On Sunday evening Ireland's 2011 census was completed. and the Irish government urged Jewish leaders in Ireland to ask their congregation to complete their forms despite the fact that listing Judaism as their religion was not available on the census form.
The census will be used to calculate the basis of state funding for religious education over the next five years in Ireland, however there is not a category for Judaism.
Members of the Jewish community feel that this oversight would mean that Jews, many of whom are immigrants or temporary workers from Israel, Eastern Europe or the United States, would go uncounted.
The population of Jewish people in Ireland is less than 2,000 and only half of them are affiliated with one of the four synagogues in the country. There are also only two Jewish schools, one elementary and one high school.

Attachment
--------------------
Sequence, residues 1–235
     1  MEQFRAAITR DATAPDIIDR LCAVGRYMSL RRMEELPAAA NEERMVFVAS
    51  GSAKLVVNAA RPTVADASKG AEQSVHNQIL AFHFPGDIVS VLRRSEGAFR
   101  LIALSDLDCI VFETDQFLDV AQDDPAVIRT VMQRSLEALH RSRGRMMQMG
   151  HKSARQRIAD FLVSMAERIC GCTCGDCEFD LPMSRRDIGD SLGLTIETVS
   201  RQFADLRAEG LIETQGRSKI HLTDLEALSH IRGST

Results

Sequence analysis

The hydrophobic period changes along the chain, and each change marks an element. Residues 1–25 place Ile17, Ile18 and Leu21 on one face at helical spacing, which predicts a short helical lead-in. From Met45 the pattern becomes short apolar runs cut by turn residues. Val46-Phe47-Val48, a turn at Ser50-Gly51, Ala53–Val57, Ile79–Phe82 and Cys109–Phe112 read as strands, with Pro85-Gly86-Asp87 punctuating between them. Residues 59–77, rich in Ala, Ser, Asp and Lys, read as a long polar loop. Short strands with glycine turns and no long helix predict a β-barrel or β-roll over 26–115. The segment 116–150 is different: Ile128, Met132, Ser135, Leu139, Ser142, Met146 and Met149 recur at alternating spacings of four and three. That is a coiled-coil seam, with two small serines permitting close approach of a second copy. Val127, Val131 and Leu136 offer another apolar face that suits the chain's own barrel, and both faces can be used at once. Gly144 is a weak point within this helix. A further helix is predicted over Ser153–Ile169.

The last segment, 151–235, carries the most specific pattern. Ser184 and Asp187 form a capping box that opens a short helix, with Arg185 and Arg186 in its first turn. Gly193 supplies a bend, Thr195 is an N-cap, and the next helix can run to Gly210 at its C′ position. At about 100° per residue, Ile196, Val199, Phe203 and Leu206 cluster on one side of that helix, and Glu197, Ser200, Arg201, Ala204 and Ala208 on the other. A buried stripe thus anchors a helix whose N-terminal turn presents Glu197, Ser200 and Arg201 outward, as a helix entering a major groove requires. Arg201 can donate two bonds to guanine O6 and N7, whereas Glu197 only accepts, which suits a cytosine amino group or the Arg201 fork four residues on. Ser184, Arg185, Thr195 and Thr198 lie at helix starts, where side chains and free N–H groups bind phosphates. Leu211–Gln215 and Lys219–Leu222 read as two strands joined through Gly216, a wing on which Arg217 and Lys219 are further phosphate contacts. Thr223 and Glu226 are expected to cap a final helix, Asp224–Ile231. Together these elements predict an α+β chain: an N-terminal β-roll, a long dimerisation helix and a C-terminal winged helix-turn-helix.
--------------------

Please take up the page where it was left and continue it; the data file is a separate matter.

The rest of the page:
The Irish government has promised to convene an education forum to begin the reform of religious control of state-funded schools. However, Jews are now worried their concerns will not be addressed.
The primary findings of Ireland's census should be available by July. Two million census forms are expected to be returned. Residents are legally obliged to fill out the forms or they will be fined over $25,000.
Householders are asked questions on their age, marital status, religion, ethnic background and education. All 27 European Union member states will carry out a census this year.
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